Julia Weist, the subject of the First Look profile in our September issue, collaborated with Cuban artist Nestor Siré on the project “17.(SEPT) [By WeistSiréPC]TM,” on view at the Queens Museum through February 18, 2018. Their show features an archive with fifty-two terabytes of digital media that have been distributed among computer users in Cuba over the last year through a system known as “the weekly package.” Here, Weist and Siré share details about what’s available on Cuba’s offline internet and provide links to content that lives online, some of which has been compiled in a playlist on our YouTube channel. —Eds.
El paquete semanal (the weekly package), Cuba’s offline digital media circulation system based on in-person file sharing, is a far more diverse in its content and structure than is typically reported. We have a particular interest in the original content produced specifically for the paquete audience. This material leverages the platform’s reach—nearly every Cuban national consumes some media from the paquete each week—as well as its decentralized nature and independence from state control. We have compiled some examples of the content produced in Cuba for the paquete, including music, magazines, shows and advertisements.
Music videos: State media is not a viable or sufficient outlet for the growing scene of Cuban reggaetón, known as Cubaton. The underground music industry produces songs and videos to be distributed primarily in the paquete. The paquete has been so crucial for Cubaton that as early as in 2013 the popular reggaeton singer La Diosa dedicated a song to it. The main reggaeton compilation curated for the paquete is made by Abdel La Esencia, who has also an online presence under the label “The Cuban Promoter.”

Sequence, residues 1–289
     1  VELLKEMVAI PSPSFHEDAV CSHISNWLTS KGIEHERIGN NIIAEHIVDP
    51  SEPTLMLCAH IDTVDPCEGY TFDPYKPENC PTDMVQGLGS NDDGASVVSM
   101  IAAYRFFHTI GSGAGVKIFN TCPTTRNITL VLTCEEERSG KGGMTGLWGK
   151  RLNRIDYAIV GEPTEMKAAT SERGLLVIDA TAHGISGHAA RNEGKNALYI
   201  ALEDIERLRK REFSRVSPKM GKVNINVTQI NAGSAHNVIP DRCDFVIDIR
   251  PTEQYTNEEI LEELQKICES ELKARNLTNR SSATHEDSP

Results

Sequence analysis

TV shows: Increasingly, weekly shows are created especially for the paquete, including coverage of artists and celebrities (both Cuban and international), in addition to news and specials about the local art scene. Popular programs such as Mi Habana TV often include “sponsored content” such as interviews with business owners, restaurant tours, and nightclub promotions. Others, like QManíaTV, are devoted to Cuban popular music, featuring interviews with singers and celebrity news.
Digital magazines: Dozens of magazines have been developed specifically for the paquete. Although some of these publications have an online presence, nearly all readers access the content through the offline paquete. Because of the nationalized media system there is little to no opportunity to circulate independent magazines in print. Most of the early paquete magazines focused on celebrity culture, but the format has since diversified to cover topics such as fashion and beauty, sports, music and culture, technology and even animals. Supervivo, a beautifully designed Cuban zine created by an ISDi alum, is the one of the few publications to circulate in print, reproduced in black and white on copy paper.
Paquete celebrities and social media: In 2015 a small number of public Wi-Fi hotspots were introduced to Cuba, but access remains limited. As a result of increased exposure to social media, many young Cubans became interested in YouTube and vlog culture. Videos made in the style of these platforms are now common in the paquete. Despite these vloggers’ fame in Cuba, they have only a minor presence on YouTube. Their community consists primarily of teens who have developed graphic identities, personalities, and styles based on makeup or pizza.
Ads and promotions: Before the government legalized regulated private business in 2010, ads were not necessary in Cuba because the state managed all goods and services. The onset of entrepreneurship led to the development of private advertising agencies. ETRES, founded in 2013, was the agency to develop a methodology for leveraging the national reach of the paquete to circulate ads and they remain the most significant promotional agency in Cuba. Ads can be found in the paquete within specific folders and appended to video files. Promotions tend to have a cinematographic style and story arc, and they are often far longer than advertisements you’d find in other contexts.